PAMs were stimulated as previously described with some modifications. Briefly, 24-well tissue culture plates were seeded with 5 × 105 cells in RPMI 1640 (Invitrogen) containing 10% heat-inactivated foetal bovine serum at 37 °C in a humidified incubator with 5% CO2 for 24 h. When cultures were semi-confluent, cells were stimulated in triplicate wells for 6 h and 12 h with OmpP2 (5 µg/mL and 10 µg/mL), synthesized linear peptides corresponding to loops L1–L8 of OmpP2 or scrambled peptide (130 nmol/mL and 260 nmol/mL). Cells were stimulated with HEPES buffer (pH 7.4) containing 0.25% (w/v) SLS as a mock control, and the untreated cells were negative control. All the above assays were performed in triplicate and replicated three times.

PAMs were lysed for total RNA purification, and cDNA was synthesized using the PrimeScript RT Reagent Kit with gDNA Eraser (TaKaRa, Dalian, China). The oligonucleotide primers used for PCR (Additional file 2) were synthesized by Sangon Biotech. Real-time PCR was performed with the primers using SYBR Premix Ex TaqTM II (Tli RNaseH Plus; TaKaRa) using the QuantStudio 3 Real-Time PCR System (Thermo Fisher Scientific, USA) according to the manufacturers’ instructions. Based on a reported method [20], accurate normalization of the real-time PCR data was performed by geometric averaging of two internal control genes, glyceraldehyde-3-phosphate dehydrogenase (GAPDH) and ribosomal protein L-4 (RPL4). The data from at least three independent experiments were analysed using geometric averaging of two internal control genes in triplicate.

The concentrations of IL-6 and IL-8 secreted from PAMs stimulated with OmpP2, loops L7 and L8 or scrambled peptide in culture supernatants were measured using specific porcine ELISA kits (R&D Systems, MN, USA), following the manufacturer’s instructions. The optical density value of each well was determined using a microplate reader (Bio-Rad, Hercules, CA, USA) at 450 nm. To ensure the repeatability of the experiment, each sample was added to duplicate wells for each time point in each ELISA plate, and the average concentration was used as the protein level (pg/mL) in cell culture supernatants.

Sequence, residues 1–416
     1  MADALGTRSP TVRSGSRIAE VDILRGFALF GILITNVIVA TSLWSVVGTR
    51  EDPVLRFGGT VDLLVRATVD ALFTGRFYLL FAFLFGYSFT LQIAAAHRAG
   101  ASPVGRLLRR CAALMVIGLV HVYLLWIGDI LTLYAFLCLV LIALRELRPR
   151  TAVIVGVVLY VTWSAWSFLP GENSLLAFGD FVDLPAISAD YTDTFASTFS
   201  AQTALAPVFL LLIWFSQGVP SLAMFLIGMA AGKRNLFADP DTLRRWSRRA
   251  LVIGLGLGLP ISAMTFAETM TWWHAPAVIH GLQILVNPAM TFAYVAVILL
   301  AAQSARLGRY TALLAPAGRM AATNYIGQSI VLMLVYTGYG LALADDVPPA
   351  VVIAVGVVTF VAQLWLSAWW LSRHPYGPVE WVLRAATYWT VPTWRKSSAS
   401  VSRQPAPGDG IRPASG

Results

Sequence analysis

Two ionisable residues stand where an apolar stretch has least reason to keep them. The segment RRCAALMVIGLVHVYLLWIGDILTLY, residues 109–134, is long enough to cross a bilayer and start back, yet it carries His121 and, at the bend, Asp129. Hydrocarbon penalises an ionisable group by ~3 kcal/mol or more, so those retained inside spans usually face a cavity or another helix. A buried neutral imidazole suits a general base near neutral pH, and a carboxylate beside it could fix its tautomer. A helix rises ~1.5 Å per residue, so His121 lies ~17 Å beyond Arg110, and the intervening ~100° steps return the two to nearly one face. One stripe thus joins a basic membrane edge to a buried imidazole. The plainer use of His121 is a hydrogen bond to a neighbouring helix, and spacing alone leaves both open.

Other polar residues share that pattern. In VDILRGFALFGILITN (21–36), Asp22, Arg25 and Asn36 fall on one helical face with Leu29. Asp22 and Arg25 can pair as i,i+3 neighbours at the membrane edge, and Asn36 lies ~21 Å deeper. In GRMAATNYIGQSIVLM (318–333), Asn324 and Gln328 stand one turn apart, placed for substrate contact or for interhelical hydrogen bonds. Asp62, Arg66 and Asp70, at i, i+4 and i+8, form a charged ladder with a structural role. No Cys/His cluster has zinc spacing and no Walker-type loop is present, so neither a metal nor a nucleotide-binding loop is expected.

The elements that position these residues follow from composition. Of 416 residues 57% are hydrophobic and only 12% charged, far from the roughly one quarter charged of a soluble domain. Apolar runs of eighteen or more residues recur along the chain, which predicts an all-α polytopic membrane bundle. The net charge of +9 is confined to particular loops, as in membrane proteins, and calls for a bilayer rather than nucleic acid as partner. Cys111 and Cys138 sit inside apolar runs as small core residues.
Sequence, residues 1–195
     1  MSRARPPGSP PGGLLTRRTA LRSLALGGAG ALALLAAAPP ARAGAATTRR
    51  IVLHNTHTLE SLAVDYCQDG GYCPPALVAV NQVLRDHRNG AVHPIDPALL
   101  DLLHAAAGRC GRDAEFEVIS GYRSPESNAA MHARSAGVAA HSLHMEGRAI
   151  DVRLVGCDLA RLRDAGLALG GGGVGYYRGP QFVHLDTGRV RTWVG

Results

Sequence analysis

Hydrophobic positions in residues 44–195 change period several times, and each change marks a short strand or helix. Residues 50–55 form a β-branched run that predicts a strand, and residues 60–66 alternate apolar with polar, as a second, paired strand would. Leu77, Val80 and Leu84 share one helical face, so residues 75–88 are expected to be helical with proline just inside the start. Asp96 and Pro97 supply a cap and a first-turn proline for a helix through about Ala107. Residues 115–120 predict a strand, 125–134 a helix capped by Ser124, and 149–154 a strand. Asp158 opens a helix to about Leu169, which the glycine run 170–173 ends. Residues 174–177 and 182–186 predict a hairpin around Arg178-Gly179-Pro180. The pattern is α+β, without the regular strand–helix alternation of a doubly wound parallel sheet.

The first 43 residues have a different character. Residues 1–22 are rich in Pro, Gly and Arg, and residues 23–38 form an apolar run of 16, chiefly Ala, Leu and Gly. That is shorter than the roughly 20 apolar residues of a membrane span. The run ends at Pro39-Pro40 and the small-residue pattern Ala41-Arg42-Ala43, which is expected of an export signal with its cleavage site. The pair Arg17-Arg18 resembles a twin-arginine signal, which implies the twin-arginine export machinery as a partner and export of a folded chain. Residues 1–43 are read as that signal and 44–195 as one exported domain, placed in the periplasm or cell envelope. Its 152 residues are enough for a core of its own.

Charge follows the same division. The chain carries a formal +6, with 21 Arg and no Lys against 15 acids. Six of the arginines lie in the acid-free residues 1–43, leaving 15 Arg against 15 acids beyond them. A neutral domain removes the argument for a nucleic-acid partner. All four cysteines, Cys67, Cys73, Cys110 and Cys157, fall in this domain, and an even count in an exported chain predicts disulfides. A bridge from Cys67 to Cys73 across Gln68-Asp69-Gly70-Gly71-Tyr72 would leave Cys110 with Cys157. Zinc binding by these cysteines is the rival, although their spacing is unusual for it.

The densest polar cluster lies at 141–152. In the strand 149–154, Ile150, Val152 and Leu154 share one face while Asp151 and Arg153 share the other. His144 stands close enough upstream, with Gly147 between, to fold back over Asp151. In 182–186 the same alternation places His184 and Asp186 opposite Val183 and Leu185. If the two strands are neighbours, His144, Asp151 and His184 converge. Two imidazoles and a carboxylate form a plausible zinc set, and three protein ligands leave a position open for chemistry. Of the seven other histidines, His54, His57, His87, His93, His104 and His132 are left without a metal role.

Construction of plasmids and mutants

A 1.529-kb PCR fragment containing the 965-bp kanamycin resistance cassette amplified from the pBAD18-Km plasmid and 564 bp downstream from the TAA stop codon in the ompP2 gene of strain SC096 was amplified using overlap extension PCR with primers P1 and P2 (Additional file 2). The fragment was subsequently cloned into the plasmid pk18mobsacB to create pZY01. Next, a 1.501-kb PCR fragment containing 589 bp upstream of the ATG start codon and 912 bp upstream of the loop L7 region of ompP2 was amplified with primers P3 and P6, and a 176-bp PCR fragment containing the downstream region of loop L7 region of ompP2 was amplified with primers P4 and P5. Both fragments were amplified using overlap extension PCR with primers P3 and P4 and subsequently cloned into plasmid pZY01 to create pZY02. Similarly, a 1.612-kb PCR fragment containing 589 bp upstream of the ATG start codon and 1.023 kb upstream of the loop L8 region of ompP2 was amplified with primers P3 and P8, and a 72-bp PCR fragment containing the downstream region of loop L8 region of ompP2 was amplified with primers P4 and P7. Both fragments were amplified using overlap extension PCR with primers P3 and P4 and subsequently cloned into plasmid pZY01 to create pZY03. All plasmids were transformed into E. coli DH5α by a CaCl2-mediated transformation method.

The natural transformation assay was performed according to Zhang et al. [16]. Briefly, the recipient SC096 ΔompP2 mutant was cultured overnight at 37 °C and resuspended in TSB at 5 × 1010 colony-forming units/mL. A 20-μL aliquot of the suspension was spotted onto a TSA plate and spread on a small area. Next, 1 µg of donor DNA plasmid (pZY02 or pZY03 resuspended in TE buffer) was added, mixed and incubated for 5 h at 37 °C. Bacterial cells were scraped and inoculated in medium containing kanamycin and incubated at 37 °C for 2–3 days. Finally, bacterial cells were collected and plated on a TSA plate containing NAD, serum and kanamycin. For the negative control, TE buffer was added to a bacterial spot in place of the donor DNA.

When pZY02 and pZY03 used as donor DNA were introduced by natural transformation into the recipient SC096 ΔompP2 mutant, many kanamycin-resistant transformants were obtained. Colony PCR was used to check some of the transformants, and the resulting mutants were designated as ompP2ΔLoop7 and ompP2ΔLoop8, respectively.

H. parasuis strains and sequences from databases

The OmpP2 protein sequences of 15 serovars from H. parasuis reference strains were obtained from NCBI. Comparisons of the amino acid sequences of loops L7 and L8 were performed using CLC Sequence Viewer 8.0 (CLC Bio-Qiagen, Aarhus, Denmark).

Transfection and reporter assay